With respect to its effects on the cardiovascular system, different studies have demonstrated an inverse relationship between regular exercise and the risk of coronary artery disease, cardiac events, and death.25,29-35 Exercise has beneficial effects on the lipid profile (reduction of low-density lipoproteins and triglycerides, increase in high-density lipoproteins) and on body composition, the aerobic capacity and hemostasis, thus reducing the risk of thrombosis. Exercise improves glycemic control and insulin sensitivity, and prevents the development of type 2 diabetes mellitus in high-risk patients.36

Exercise offers a number of benefits, and a number of studies have demonstrated that it reduces or prevents obesity,37-40 delays weight gain after smoking cessation,41 reduces the risk of gallstone disease,42 and even has a modest protective effect against cancer.43-47 In elderly individuals, it improves their functional status and their autonomy, prevents or delays cognitive deterioration and decreases the incidence of Alzheimer's disease.48-51 The effects of exercise are not only related to the cardiovascular benefits and are summarized in Table 3.


In addition to bone and muscle injuries, physical exercise has other adverse effects, some involving cardiovascular conditions, such as arrhythmias, sudden cardiac death, or myocardial infarction, and others associated with muscle conditions, such as rhabdomyolysis.52 There is a transient increase in the risk of sudden cardiac death during the performance of vigorous exercise, even in healthy men; however, the absolute risk during a given exercise session is very low, 1/1 510 000 exercise sessions, according to the Physicians' Health Study.53 In this study, over a 12-year follow-up period, there were 122 sudden deaths among 21 481 male physicians who were initially free of cardiovascular disease. The relative risk (RR) of sudden cardiac death during intense exercise or within the subsequent 30 minutes was 16.9 (95% confidence interval [CI], 10.5-27; P<.001); however, regular vigorous exercise attenuated this risk. The same is observed in women, as demonstrated in the Nurses' Health Study,54 in which, during the follow-up of 69 693 women between 1986 and 2004, there were 288 sudden deaths during vigorous exercise, resulting in a RR of 2.38 (95% CI, 1.23-4.6; P=.01). In this population, the total risk was extremely low, with 1 death for every 36.5 million hours of exercise, and, as in men, regular moderate or vigorous exercise had a protective effect (RR=0.41 in women who exercised for 4 hours a week or more, as compared to sedentary women).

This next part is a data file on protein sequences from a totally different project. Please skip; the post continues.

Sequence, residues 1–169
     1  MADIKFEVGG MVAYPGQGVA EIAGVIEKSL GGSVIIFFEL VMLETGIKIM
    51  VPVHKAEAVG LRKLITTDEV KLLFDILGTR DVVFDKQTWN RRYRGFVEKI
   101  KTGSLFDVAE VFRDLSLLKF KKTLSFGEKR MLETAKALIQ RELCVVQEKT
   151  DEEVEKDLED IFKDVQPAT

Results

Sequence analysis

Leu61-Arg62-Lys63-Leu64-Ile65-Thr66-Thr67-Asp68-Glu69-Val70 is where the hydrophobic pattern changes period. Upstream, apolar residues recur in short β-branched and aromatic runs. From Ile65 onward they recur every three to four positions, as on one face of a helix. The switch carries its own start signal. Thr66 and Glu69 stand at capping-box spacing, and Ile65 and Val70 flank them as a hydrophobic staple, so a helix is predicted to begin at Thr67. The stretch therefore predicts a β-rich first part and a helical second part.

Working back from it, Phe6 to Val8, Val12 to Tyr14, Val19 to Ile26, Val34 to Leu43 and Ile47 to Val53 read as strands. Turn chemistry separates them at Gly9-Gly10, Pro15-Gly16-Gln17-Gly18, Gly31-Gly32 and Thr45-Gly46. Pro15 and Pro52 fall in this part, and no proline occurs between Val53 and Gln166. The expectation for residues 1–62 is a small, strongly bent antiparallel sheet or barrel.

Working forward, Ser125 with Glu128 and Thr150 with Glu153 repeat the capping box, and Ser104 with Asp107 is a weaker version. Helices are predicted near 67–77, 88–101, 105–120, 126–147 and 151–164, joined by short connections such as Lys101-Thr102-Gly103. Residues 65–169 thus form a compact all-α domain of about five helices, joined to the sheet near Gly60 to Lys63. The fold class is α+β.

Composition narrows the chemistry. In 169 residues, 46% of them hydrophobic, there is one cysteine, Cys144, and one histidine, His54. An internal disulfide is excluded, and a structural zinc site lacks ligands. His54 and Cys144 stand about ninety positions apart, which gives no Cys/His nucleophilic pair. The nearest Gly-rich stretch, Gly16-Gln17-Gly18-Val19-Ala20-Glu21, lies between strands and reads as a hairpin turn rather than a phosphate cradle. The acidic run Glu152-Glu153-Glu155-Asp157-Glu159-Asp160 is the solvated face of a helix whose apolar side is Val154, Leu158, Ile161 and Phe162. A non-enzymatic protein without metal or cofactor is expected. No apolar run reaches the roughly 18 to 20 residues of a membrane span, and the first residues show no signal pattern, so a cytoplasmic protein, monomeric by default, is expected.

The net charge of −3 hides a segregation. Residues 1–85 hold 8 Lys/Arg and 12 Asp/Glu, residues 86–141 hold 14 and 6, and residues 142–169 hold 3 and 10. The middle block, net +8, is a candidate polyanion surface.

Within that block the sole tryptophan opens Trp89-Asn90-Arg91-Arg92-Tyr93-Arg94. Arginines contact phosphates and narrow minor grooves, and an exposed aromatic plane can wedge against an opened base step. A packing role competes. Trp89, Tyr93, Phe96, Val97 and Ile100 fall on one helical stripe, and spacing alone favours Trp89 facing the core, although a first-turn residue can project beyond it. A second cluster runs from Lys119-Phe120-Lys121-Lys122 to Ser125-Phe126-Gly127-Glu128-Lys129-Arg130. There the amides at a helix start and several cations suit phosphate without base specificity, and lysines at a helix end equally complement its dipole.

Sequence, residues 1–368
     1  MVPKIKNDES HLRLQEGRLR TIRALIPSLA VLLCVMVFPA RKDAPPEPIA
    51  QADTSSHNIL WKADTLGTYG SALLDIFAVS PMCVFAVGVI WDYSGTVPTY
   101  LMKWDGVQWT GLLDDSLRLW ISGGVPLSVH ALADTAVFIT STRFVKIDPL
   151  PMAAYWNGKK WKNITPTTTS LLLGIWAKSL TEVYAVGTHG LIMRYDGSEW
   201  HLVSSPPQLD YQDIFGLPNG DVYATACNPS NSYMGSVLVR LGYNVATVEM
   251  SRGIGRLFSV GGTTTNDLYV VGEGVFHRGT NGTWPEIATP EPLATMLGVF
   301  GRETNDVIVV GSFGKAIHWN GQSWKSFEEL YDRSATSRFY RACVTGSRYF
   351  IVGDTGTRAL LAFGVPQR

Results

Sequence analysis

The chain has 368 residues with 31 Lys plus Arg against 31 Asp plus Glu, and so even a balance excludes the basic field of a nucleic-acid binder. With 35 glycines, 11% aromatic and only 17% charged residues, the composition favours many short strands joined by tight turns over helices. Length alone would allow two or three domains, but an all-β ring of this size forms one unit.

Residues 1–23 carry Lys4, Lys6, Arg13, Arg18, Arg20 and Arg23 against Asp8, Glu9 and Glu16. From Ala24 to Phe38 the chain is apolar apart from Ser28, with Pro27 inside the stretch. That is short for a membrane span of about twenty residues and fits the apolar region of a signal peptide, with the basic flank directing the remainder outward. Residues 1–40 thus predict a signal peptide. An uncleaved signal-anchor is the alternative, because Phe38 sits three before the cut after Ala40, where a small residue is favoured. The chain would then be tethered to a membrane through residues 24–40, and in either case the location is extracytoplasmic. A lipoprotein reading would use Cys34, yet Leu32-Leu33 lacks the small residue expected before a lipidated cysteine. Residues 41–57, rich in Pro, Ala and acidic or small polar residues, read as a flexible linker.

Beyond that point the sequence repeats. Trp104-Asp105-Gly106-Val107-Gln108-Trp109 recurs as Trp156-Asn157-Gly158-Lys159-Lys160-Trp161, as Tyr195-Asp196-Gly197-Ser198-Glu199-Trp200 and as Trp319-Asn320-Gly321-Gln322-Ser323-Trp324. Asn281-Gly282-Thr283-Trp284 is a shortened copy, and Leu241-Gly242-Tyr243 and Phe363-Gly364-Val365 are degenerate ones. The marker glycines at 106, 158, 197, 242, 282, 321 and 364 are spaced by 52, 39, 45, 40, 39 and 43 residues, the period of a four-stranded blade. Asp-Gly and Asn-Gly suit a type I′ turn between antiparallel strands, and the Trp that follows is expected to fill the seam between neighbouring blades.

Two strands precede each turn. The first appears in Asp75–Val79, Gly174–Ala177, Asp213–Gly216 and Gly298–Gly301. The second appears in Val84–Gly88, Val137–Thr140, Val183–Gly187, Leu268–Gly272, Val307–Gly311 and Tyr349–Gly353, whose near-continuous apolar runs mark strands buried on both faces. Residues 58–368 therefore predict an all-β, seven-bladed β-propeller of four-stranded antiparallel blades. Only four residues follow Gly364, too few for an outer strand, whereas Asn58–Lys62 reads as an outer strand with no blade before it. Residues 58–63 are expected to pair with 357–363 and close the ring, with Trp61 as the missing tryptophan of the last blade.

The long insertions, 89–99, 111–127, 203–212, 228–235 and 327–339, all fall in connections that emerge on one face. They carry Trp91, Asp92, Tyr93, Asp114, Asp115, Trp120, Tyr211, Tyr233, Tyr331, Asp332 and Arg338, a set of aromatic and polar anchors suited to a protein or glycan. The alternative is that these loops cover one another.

The mechanisms postulated for sudden death during exercise include arrhythmias, especially tachycardia or ventricular fibrillation, and acute coronary ischemia secondary to plaque rupture, and coronary thrombosis. Coronary spasm has also been reported to be a causal mechanism in diseased coronary arteries. However, regular moderate or vigorous exercise has an attenuating effect on the risk of atrial and ventricular arrhythmias during a session of vigorous exercise, in part due to the improved oxygen delivery to the myocardium and the reduction in sympathetic tone.

On the other hand, during strenuous physical activity, there is a transient increase in the risk of acute myocardial infarction (AMI), especially among individuals who do not exercise regularly,52,55,56 In a study of 1194 men diagnosed as having AMI, vigorous exercise (activity 36 MET) was involved in 7.1% of the cases at the onset of the infarction. The RR during vigorous exercise or within the following hour was 2.1, and was higher in patients who exercised less than four hours weekly on a regular basis than in those who exercised more than 4 hours a week (RR=6.9 and RR=1.3, respectively; P<.01).55 In another report, the RR during exercise was 10-fold higher than the risk under other circumstances.56